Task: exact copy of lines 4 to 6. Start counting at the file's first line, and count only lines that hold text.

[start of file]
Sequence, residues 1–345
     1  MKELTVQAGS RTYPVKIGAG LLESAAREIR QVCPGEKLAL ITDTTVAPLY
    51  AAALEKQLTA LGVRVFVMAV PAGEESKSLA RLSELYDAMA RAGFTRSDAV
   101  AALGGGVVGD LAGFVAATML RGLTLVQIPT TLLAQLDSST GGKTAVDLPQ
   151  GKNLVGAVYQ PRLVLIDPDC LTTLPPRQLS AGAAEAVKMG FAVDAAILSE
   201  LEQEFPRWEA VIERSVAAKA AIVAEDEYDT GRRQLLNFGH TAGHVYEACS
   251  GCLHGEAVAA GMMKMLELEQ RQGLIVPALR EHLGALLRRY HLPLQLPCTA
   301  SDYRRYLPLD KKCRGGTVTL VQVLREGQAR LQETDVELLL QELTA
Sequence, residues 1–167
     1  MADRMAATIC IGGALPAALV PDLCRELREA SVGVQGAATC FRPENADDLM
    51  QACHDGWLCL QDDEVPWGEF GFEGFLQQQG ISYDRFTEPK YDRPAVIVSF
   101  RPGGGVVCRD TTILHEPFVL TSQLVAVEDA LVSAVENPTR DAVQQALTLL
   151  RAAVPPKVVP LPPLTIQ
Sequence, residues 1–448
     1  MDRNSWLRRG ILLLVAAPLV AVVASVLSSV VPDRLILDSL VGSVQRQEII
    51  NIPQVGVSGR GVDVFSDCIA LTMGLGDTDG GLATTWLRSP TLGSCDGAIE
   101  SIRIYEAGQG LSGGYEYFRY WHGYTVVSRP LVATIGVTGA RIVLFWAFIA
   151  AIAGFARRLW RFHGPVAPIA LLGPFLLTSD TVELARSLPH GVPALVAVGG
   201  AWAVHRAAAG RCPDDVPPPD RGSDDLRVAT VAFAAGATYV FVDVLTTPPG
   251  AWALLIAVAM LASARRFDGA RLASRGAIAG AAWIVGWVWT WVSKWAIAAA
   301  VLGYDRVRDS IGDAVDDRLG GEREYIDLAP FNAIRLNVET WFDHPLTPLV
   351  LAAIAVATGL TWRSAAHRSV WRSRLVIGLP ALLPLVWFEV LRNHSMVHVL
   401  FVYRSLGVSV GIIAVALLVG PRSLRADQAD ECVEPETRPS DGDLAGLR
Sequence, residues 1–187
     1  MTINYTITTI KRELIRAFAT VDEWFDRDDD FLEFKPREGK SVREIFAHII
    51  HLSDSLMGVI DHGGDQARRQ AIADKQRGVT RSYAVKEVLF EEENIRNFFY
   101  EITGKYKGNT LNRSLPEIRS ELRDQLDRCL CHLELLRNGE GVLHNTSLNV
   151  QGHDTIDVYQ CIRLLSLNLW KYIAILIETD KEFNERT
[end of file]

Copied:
   101  AALGGGVVGD LAGFVAATML RGLTLVQIPT TLLAQLDSST GGKTAVDLPQ
   151  GKNLVGAVYQ PRLVLIDPDC LTTLPPRQLS AGAAEAVKMG FAVDAAILSE
   201  LEQEFPRWEA VIERSVAAKA AIVAEDEYDT GRRQLLNFGH TAGHVYEACS